Butternut Squash Lasagna Rollups

Traditionally, our family makes the journey to Nantucket Island the day before Thanksgiving, arriving from all parts of the country. Besides the glass of wine they are handed when they walk through the door, they look forward to the “traditional” night before Thanksgiving dinner which includes Butternut Squash Lasagna Rollups with pumpkin sauce, an entree of either tenderloin, roasted chicken or Nantucket Bay scallops, and a FUN and fabulous salad, different each year.  The one part of the dinner that never changes is the butternut squash lasagna rollups!

They are easy to make and great for preparing ahead of time, while your head is spinning with the hundreds of ingredients you hope you have for the BIG next day, Thanksgiving!

This crowd pleaser is comfort food at its very best. Think football season!  I brought these to a Super Bowl party last year styled on a 32" long slender platter.  What a hit!  But the hit for me was to see the platter empty within a half hour of our arrival.  I love that.


This serving platter is very special to me.  I purchased it from a local artisan in Middlebury, VT while our son was attending Middlebury College.  It conjures up wonderful memories.  I try to buy a little something everywhere I travel. Serving pieces, like foods, can bring you back to a time and place that is part of this wonderful journey called life. 

This serving platter is very special to me.  I purchased it from a local artisan in Middlebury, VT while our son was attending Middlebury College.  It conjures up wonderful memories.  I try to buy a little something everywhere I travel. Serving pieces, like foods, can bring you back to a time and place that is part of this wonderful journey called life. 


  • 1 Box lasagna strips (I like Del Cecco!)
  • 1 Package of cubed butternut squash
  • 1 Jar Cucina Antica Tuscany pumpkin pasta sauce (Whole Foods)
  • ¼ Cup chopped parsley or parsley flowers
  • ¼ Cup grated parmesan (optional)
  • 1 Small box baby spinach
  • 1 Box MontChevre’ crumbled goat cheese
  • S & P to taste
I love, love this sauce!  I happened upon it a few years ago, and it has been my go-to since.  When you're cooking for Thanksgiving, it's okay to short-cut with a delicious jar of quality sauce the night before!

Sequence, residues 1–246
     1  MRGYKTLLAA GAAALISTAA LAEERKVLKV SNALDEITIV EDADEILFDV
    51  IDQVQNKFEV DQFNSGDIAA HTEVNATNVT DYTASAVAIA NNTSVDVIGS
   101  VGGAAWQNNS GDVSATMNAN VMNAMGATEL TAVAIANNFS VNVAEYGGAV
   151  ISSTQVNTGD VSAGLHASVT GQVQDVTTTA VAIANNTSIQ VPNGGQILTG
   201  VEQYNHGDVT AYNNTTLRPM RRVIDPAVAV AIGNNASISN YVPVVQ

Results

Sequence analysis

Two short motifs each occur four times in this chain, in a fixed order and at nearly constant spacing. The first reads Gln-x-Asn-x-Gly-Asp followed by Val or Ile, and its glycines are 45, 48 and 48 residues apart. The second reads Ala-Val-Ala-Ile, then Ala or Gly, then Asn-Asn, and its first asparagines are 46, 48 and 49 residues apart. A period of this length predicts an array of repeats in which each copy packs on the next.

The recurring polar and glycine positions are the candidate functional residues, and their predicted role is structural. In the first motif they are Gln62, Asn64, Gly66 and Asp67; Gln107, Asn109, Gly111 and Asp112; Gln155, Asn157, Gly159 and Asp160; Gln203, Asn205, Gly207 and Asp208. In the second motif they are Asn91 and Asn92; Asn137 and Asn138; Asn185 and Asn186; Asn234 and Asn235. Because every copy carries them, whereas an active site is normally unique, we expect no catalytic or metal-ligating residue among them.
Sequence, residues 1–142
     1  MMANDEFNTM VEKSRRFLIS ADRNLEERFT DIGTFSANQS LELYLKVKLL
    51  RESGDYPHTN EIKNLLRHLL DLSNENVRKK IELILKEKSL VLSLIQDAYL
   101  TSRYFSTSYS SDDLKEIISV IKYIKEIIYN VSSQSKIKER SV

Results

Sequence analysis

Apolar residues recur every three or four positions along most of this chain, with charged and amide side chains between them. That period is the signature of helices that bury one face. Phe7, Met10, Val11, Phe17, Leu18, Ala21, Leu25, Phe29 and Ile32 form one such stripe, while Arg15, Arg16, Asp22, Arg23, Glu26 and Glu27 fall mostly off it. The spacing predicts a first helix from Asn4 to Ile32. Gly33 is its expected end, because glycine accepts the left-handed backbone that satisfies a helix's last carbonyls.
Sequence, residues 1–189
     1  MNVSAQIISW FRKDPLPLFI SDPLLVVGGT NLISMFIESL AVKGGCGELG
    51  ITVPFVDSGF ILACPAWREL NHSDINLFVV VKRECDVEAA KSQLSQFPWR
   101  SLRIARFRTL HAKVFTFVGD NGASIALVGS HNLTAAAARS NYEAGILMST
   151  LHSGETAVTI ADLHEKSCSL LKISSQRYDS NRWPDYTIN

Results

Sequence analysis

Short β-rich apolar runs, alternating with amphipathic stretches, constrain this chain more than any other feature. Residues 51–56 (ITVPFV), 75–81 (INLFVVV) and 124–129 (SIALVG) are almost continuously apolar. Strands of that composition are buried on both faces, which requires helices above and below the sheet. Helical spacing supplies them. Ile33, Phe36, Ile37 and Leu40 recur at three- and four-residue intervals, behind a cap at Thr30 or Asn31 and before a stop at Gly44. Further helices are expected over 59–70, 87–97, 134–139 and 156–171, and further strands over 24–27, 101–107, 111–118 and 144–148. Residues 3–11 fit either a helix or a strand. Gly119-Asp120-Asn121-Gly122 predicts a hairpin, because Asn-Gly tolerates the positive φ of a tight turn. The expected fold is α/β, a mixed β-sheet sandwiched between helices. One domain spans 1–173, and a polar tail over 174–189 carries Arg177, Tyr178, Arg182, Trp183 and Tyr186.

I love, love this sauce!  I happened upon it a few years ago, and it has been my go-to since.  When you're cooking for Thanksgiving, it's okay to short-cut with a delicious jar of quality sauce the night before!

  1. I box of long lasagna strips. I never use the precooked. I can’t really say why except that they just don’t seem right to me. And they are challenging to roll without breaking. If you want less pasta, you can use the shorter lasagna strips. You will just have adjust your filling amounts and make them smaller. Or just fold over in half like a loose ravioli.
  2. Cook pasta according to package directions.  I like them on the al dente side as they are firmer to work with and hold up better when stuffed and rolled.
  3. Drain in cold water.  Do not leave in strainer!  Immediately remove each one, smoothing it out so it’s not wrinkled
  4. Lay each strip flat on a long piece of Aluminum foil. 
  5. Cover each layer with foil before the next layer
  6. Begin by smearing each lasagna strip sparingly with Pumpkin Sauce
  7. Spoon small clumps of goat cheese, 2-3 tsps, crumbled or from a softened log, per strip.  You will get the hang of it as you go along!
  8. Layer with baby spinach leaves washed and patted dry
  9.  Spoon on mashed butternut squash, 3-4 tsps, per strip. 
  10.  Season with Salt and Pepper
  11.  Sprinkle with grated parmesan cheese (optional)
  12.  Gently roll up being careful to not let ingredients come out on sides.  You will learn amounts only by doing this.
  13.  Spread a thin layer of pumpkin sauce in bottom of 9X12 baking dish, enough to coat pan.
  14.  Place roll ups in dish and top each roll up with the sauce.
  15. Cover and Bake at 300 degrees until heated through, about 30 minutes.  Remove from oven, remove foil and let cool. 
  16. Serve 1- 2 per dish with extra sauce if desired.
  17. Garnish with parsley, either chopped and sprinkled all over or dotted with a parsley flowers, as shown.
  18. Serve with Fresh grated Parmesan cheese. VOILA!

Nantucket Island Cranberry Bogs in AUTUMN

There is nothing more spectacular than autumn on the island of Nantucket; the colors of the foliage, the peaceful ebb and flow of the tides on the quieted beaches, the celebratory sound of the church bells harkening the hundreds of weddings each weekend, the genius minds who come together for The Nantucket Project, the farms lushly displaying their brilliantly colorful autumnal yields and finally, the celebration of the 160 year old cranberry bogs, the epically fascinating cranberry bogs, culminating in the annual Cranberry Festival.  It’s an amazing industry, with an incredible history, and one that has certainly has made us appreciate that glass of cranberry juice we pour or that can of cranberry sauce we open!

The History of the Nantucket Cranberry Bog

Cranberry bogs in Nantucket began in 1857 and grew to an incredible 234 acres!  Today, they produce 2 million pounds of cranberries per year!  Who could believe this on this tiny island 30 miles out to sea which measures a mere 14 by 3.5 miles!?  Can you imagine that until 1959 it was the largest contiguous bog in the entire world?  Then, water conservation became a priority, thereby necessitating the construction of watering ditches. Subsequently, this caused a sub-division of the bogs into smaller, more water efficient units.


How are Cranberries Grown?